Can the census be viewed as a "statement" of colonial viewpoints and policies? Is it possible to use the census volumes as a source to reflect the "official mind"? Why did the British government go to the effort of frequently conducting censuses? The British and Indian censuses can be compared to find both remarkable parallels and discrepancies. Divergence was greatest when religion was concerned. The British census showed a strong indifference in religion and a strong unwillingness to delve into its specifics. In contrast, the Indian census used religion as one of its essential categories from the beginning (K.W. Jones, 1981). The census workers were enthralled by religion and all things religious. Sikhs were included in the definition of "Hindu" in the first Punjab census, but by the second, they were given their own category. It is a formal acknowledgement of Sikh religion. The census's interactions with its participants must be viewed in light of recent advancements and escalating religious rivalry. Using data from the Punjab Census of 1881, a Hindu organisation refuted claims made by a Muslim group that Hindus held an disproportionate number of government jobs in 1881. Census data from 1881 were also used to show the degree of Christian conversion. Based on the official evidence of the census, anxieties that had existed before to reading census reports received a tangible form. In the 1891 census, the Arya Samaj urged its adherents to write "ARYA" rather than "Hindu." They exerted pressure on census workers to acknowledge and document this shift in religion. Hindu leaders showed that all Hindus would vanish from British India in a specific amount of time using data from the 1872 to 1901 censuses. M.C.J.O’ Donnel, Census Commissioner of Bengal for 1891 census calculated ‘the number of years it would take the Hindus to totally disappear from Bengal, if Muhammadan increase kept on at the pace it was doing’.The geographic distribution of the religious communities and the areas where they are either the majority or minority were mapped. Numerous descriptive and statistical reports of religious conversion and re-conversion were supplied by the census. However, the emergence of new religious movements and sects within all religious communities brought about a more thorough treatment of religious divisions.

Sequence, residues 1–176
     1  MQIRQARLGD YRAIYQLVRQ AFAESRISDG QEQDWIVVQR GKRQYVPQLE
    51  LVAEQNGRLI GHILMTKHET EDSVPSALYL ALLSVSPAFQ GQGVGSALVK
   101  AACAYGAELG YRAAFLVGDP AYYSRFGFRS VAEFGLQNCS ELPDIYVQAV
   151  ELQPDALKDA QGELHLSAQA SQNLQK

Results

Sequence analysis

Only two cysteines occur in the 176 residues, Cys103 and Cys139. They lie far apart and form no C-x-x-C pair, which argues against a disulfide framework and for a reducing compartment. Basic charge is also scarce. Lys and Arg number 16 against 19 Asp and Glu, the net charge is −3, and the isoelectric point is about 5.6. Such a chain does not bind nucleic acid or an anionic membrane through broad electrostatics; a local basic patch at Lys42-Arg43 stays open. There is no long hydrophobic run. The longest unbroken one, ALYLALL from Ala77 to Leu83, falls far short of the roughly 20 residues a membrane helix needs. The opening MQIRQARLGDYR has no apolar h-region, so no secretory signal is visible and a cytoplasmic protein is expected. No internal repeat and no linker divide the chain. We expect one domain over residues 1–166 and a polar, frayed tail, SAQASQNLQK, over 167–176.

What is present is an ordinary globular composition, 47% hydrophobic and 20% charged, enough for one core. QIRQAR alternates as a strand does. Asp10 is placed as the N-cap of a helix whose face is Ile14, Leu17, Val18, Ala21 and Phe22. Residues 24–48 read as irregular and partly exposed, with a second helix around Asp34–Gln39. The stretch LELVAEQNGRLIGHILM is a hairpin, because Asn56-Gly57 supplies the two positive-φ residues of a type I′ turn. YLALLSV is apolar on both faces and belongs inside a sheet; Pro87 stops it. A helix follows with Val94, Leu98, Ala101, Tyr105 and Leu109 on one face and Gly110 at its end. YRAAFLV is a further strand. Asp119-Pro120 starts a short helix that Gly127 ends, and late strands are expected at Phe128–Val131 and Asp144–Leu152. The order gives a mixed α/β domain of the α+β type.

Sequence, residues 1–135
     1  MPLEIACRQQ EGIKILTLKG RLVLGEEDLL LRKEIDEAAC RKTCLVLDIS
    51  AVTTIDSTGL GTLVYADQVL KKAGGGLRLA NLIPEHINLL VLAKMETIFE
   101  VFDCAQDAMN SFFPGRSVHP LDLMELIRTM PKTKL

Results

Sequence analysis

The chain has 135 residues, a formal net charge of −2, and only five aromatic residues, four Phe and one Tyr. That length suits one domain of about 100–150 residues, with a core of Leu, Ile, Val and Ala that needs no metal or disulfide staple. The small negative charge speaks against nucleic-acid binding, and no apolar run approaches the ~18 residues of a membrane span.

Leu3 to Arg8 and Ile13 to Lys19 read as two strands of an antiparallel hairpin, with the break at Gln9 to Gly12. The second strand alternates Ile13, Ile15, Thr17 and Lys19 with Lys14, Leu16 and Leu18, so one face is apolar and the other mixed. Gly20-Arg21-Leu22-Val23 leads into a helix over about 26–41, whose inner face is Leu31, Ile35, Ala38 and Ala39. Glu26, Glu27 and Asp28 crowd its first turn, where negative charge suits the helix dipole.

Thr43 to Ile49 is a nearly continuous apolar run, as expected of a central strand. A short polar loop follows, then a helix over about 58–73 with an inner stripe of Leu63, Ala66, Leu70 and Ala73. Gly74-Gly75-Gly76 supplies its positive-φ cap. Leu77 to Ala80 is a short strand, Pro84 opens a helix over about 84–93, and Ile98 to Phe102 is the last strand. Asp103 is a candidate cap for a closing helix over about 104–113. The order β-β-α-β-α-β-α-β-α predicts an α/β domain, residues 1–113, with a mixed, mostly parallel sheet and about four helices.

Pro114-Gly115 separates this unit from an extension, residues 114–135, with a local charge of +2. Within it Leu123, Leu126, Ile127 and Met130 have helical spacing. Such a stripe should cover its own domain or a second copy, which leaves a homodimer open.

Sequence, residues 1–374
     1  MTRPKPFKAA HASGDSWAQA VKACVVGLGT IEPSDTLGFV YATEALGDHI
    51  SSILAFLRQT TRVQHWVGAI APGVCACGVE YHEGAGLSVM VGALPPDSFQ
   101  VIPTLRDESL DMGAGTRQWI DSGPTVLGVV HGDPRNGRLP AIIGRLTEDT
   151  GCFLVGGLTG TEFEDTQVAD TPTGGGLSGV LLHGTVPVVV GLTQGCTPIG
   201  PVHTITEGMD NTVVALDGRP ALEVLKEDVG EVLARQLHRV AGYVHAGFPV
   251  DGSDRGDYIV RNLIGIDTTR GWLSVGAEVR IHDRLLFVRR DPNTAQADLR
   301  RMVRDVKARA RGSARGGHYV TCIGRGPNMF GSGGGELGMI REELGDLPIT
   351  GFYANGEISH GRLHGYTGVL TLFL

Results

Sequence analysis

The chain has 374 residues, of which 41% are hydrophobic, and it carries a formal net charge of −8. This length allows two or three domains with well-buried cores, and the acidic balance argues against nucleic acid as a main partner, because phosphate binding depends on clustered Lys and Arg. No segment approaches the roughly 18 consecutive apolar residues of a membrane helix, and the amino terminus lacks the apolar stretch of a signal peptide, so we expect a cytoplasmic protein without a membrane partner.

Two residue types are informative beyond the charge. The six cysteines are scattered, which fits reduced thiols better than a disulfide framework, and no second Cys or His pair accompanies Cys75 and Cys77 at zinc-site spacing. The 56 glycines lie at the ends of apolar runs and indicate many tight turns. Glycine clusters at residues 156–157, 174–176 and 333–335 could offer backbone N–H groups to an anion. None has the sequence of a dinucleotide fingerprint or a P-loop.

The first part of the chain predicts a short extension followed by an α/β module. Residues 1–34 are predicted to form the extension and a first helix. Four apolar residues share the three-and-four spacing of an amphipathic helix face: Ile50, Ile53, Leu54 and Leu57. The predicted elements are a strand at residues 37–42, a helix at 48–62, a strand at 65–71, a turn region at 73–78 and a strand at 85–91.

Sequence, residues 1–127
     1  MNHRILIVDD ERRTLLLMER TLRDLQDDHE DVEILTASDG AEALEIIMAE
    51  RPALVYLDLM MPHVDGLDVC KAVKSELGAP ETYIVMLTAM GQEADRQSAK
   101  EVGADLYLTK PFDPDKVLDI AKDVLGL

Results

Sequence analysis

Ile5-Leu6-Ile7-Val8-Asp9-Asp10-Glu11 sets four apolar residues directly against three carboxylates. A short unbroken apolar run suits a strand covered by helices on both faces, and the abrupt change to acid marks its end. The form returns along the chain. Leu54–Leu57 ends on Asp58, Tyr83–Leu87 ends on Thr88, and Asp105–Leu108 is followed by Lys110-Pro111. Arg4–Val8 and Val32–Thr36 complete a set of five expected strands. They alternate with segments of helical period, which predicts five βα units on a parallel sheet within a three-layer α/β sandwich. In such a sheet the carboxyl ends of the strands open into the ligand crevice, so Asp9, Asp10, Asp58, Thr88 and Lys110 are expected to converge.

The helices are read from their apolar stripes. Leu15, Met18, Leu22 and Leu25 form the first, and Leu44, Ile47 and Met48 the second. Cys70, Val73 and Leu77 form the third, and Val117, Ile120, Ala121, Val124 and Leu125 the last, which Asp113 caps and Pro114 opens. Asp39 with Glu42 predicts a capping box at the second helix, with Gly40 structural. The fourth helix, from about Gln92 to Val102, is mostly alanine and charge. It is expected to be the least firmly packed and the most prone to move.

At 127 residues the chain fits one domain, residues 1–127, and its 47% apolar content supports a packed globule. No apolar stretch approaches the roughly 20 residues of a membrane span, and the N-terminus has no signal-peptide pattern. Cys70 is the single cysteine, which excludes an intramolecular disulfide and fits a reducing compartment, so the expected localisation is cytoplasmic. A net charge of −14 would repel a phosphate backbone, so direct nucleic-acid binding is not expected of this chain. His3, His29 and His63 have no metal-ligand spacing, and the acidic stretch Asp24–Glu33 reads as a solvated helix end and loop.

Census reports offered details on the economic and educational backgrounds of participants and analysed the relative effectiveness of each movement. A particular religion's subdivisions received the same consideration as the parent religion. These new groupings receive a feeling of legitimacy from the census. The census produced a new definition of religion, and the literate Indians would then get this new conceptualization through the census results. The census was more well known to educated Indians in the latter two decades of the 19th century as they looked to it for an authoritative image of their own world, a vision that validated many of their aspirations and worries. Hindu leaders also had serious concerns about the census's methods and terminology. Gait, the Census Commissioner, later proposed a different set of tables in 1911 to list the "debatable Hindus."

Many Hindu leaders believed that their group was the target of an Anglo-Muslim scheme. The census had gradually changed from being a passive and impartial tool to collect data for a foreign authority to a bureaucratic organisation linked to the allocation of political favour and power. It became become a battleground for politics and religion. Leaders of the Hindu and Muslim faiths both handily advanced their cases and arguments by using the "selected" data from census reports. A separate electorate for Muslims was created using census data, for example. This established a clear, official connection between the census, the religious community, and political influence. The allocation of political power and, to some extent, government favouritism was based on the census. In the early 20th century, this became more and more obvious.